The assault on Charlie Hebdo ought to be a turning point in the debate about Islamism and Freedom of Speech. I Hope!
For God’s sake let’s start talking about what we can do about our times’ most dangerous totalitarian movement.
The Islamists call themselves Muslims, but this is not their most important aspect: The Islamic movement is first and foremost a militant political/ideological movement with all the characteristics of fascism. The Islamists are engaging in an armed fight for a state, in exactly the same way as the fascists, that seeks to concentrate all power, economic, religious, political and military in the hands of a small group of dictators.
Islamism has to be the most dangerous global, fascistic movement since German Nazism and Soviet Communism. The Islamists call themselves Muslims, Hitler and Stalin called themselves something different, but the similarities are far greater than the religious differences: Powerful men of rhetorical genius with diseased ideas about world domination are trying to whip up mass psychosis especially among young people.
Hitler lorded it over a state with a colossal military machine and was able to physically roll his armies across neighbouring countries’ borders. The Islamists do not yet possess the same military might but instead send their commandoes into the heart of the democratic world to create terror and thereby undermine their greatest enemy – democracy.
The Nazis wanted to wipe out the Jews, the handicapped and communists. The communists sought to exterminate people who thought differently to them. The Islamists wish to exterminate the unbelievers, in other words everybody else except themselves – the Jews, Christians, Buddhists, Atheists, Hindus and especially democratically minded Muslims.
In order to have a firm basis for discussion, we must agree that Islamists and Muslims are NOT the same. And we must stop calling out from our individual mountain tops and only listen to our own words.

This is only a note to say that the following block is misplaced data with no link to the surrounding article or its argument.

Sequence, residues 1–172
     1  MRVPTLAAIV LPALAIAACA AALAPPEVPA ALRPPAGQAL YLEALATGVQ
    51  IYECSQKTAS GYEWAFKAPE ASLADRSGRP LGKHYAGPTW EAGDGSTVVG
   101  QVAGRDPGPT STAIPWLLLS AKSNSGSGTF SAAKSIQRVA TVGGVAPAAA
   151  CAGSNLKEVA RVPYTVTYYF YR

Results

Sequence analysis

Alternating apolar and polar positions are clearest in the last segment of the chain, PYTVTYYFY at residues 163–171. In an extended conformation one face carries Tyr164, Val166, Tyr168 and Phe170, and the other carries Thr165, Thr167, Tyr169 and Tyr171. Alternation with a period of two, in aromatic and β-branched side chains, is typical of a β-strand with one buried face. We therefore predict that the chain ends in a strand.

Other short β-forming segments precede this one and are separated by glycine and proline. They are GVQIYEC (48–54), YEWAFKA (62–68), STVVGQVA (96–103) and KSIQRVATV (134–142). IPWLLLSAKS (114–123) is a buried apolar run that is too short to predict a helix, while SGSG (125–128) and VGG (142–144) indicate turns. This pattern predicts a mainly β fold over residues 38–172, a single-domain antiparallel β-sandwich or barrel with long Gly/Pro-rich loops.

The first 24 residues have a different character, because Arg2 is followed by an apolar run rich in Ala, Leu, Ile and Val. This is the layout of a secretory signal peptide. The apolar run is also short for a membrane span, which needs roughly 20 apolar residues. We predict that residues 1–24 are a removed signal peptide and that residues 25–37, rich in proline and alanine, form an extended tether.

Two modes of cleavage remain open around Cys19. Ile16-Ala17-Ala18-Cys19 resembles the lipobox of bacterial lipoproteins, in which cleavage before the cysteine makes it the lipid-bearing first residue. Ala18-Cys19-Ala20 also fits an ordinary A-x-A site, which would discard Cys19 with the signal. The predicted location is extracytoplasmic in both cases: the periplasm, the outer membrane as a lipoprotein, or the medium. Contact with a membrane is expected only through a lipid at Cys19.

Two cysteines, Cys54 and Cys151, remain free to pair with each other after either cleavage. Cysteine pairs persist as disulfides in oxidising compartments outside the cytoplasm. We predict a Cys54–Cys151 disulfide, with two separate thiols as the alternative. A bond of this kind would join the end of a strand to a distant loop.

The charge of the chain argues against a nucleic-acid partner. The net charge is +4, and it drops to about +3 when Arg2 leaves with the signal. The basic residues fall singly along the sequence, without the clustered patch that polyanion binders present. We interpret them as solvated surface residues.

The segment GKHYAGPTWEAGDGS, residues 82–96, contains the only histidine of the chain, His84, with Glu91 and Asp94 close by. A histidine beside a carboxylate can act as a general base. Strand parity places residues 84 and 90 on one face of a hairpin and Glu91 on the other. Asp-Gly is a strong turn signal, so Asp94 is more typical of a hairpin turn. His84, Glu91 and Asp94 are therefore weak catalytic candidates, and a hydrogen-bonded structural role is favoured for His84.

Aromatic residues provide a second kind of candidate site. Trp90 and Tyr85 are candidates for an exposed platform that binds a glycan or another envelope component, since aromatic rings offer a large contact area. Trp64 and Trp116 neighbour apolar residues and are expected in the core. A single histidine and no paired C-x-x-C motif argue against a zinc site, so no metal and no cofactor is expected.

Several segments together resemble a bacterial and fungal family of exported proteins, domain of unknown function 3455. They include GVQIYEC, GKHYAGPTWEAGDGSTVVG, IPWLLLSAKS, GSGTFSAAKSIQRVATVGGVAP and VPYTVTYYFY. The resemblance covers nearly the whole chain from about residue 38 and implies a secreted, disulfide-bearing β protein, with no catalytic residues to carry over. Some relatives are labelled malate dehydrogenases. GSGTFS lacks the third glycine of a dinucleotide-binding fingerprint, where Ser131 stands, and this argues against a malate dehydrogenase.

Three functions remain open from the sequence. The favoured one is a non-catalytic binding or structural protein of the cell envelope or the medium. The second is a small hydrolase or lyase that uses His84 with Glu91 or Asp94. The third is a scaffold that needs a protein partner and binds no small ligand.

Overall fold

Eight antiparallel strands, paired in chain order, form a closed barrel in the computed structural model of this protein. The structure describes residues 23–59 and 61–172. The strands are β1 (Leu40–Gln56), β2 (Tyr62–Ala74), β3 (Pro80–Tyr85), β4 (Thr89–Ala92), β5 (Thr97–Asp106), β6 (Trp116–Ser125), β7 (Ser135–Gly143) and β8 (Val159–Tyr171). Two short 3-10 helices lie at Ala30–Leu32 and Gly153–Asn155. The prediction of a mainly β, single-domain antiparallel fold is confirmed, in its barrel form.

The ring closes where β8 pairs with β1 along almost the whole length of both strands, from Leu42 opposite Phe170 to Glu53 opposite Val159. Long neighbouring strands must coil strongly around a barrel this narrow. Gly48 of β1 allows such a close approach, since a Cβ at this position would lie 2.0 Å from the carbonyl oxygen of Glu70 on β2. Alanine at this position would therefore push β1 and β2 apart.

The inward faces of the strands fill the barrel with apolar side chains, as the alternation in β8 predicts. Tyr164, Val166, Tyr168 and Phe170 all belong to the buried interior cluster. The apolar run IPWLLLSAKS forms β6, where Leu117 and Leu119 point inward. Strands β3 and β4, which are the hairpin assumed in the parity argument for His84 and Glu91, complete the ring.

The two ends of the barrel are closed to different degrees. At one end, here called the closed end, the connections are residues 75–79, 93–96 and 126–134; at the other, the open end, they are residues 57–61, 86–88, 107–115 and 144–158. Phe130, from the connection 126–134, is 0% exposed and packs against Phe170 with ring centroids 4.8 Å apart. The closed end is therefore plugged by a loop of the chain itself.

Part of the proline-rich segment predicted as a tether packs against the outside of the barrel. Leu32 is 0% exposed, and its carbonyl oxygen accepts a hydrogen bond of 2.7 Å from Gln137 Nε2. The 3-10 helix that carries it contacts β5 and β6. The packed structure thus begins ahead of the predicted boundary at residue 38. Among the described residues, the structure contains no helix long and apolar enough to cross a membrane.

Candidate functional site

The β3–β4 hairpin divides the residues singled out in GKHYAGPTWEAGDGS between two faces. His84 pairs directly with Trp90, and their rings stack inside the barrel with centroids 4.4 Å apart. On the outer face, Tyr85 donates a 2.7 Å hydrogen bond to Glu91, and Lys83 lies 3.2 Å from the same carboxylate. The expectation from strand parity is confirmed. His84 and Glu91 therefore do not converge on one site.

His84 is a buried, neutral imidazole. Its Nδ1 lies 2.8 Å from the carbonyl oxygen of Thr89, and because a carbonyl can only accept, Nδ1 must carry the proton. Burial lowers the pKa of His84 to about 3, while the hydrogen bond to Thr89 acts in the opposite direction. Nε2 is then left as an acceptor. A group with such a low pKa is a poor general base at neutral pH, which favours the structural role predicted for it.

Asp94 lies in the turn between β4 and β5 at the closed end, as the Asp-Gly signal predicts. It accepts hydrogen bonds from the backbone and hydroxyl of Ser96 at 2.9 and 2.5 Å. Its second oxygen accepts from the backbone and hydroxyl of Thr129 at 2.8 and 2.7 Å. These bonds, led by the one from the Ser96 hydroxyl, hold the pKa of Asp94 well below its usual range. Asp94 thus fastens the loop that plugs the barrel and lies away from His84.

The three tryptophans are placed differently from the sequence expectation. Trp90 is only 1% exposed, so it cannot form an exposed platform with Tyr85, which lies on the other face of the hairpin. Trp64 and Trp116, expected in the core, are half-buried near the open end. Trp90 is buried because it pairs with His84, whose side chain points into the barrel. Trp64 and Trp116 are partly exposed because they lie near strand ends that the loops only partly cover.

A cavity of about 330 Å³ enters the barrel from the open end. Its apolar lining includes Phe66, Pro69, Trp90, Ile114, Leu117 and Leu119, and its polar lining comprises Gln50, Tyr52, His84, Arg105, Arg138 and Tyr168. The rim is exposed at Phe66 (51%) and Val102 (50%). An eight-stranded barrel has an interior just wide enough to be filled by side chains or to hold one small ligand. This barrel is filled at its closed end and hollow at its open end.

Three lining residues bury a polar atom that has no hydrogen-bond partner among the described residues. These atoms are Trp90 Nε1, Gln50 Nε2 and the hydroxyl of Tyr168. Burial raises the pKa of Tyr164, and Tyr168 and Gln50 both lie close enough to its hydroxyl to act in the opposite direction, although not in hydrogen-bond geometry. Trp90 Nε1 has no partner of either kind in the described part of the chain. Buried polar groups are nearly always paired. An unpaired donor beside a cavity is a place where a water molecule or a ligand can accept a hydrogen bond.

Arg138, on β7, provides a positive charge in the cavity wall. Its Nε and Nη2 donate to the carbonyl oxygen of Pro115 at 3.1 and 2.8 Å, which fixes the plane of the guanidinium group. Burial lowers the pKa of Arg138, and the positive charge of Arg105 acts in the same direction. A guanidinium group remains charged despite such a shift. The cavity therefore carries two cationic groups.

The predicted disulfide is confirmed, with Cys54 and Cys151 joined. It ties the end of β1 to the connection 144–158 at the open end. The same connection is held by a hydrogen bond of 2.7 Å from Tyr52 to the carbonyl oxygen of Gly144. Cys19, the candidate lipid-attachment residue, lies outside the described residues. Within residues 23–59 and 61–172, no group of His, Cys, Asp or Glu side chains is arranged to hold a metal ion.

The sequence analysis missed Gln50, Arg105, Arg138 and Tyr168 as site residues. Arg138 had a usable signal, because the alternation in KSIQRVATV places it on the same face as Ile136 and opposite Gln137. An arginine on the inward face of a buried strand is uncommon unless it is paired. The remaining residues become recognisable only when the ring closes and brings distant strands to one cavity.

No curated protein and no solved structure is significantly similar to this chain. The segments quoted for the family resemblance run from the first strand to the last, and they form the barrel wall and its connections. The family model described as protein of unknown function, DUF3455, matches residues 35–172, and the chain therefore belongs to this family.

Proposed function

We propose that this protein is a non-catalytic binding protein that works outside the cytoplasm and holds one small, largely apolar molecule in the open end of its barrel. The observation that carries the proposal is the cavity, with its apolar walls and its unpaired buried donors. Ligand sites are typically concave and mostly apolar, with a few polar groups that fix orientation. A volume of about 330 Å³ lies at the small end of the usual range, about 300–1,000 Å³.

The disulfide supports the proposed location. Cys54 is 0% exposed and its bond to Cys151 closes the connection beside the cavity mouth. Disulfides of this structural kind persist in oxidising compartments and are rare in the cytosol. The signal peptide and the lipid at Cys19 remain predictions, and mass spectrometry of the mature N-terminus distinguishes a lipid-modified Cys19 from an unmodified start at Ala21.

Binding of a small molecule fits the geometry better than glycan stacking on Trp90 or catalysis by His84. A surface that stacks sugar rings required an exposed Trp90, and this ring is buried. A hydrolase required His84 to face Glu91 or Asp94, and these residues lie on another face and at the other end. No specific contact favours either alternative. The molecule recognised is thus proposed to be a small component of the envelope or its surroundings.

The nationalists Pia Kjærsgaard & Co. are calling out from the highest mountain top, who based on fear of foreigners and Islamophobia are tarring all Muslims with the same fundamentalist brush. At the same time, this right wing lobby has almost usurped the monopoly for fighting for the fundamental in our democracy, i.e. the right to free speech regardless of whom one agrees with or makes fun of. And on that mountain top they have just been given more wind in their sails by Wednesday’s killings.
On the leftwing mountain top we find, the so-called tolerant left leaning intellectuals and culture radicals are shouting (in any case until last Wednesday) must now realise that the Islamists DO NOT belong to a weak religious minority who are to be defended against abuse. That wing has almost monopolised the right to talk about dialog and tolerance – and has not realised tolerance for fascism can only lead to disaster.
The right to free speech is worthless if it only applies to sensible and well mannered utterances and does not comprise abusive drawings and other extreme deeds directed against powerful religions and ideologies along with their dogmas and prophets.
Let us meet in the valley between the two mountain tops and start to talk: we who are still ready to help persecuted human beings fleeing from war-ridden lands and live peacefully together with people from other cultures, irrespective of their beliefs. And we, who will not allow freedom of speech to be limited and who will not accept that either satirists such as Kurt Westergaard or the staff at Charlie Hebdo or sensible Muslim voices such as those of Naser Khader and Yahya Hassan risk the death penalty for expressing themselves.
Indeed, let us guarantee freedom of speech for those we disagree with, so neither Pia Kjærsgaard nor Lars Hedegaard risk their lives for believing what they do.
Democratic Muslims are important partners in this debate. They need to help us clarify our terms by drawing a clear line between Muslims whose freedom of religion must naturally not be limited and the Islamists whose goal is a fascist state, wrapped in religious rhetoric.
Perhaps it will be difficult to entice the nationalists down from there respective mountain tops. In any case, after last Wednesday I hope that those on the left-wing summit will come down to us others and start talking about this life-threatening fundamentalism, which needs to be responded to by anything but tolerance and dialog.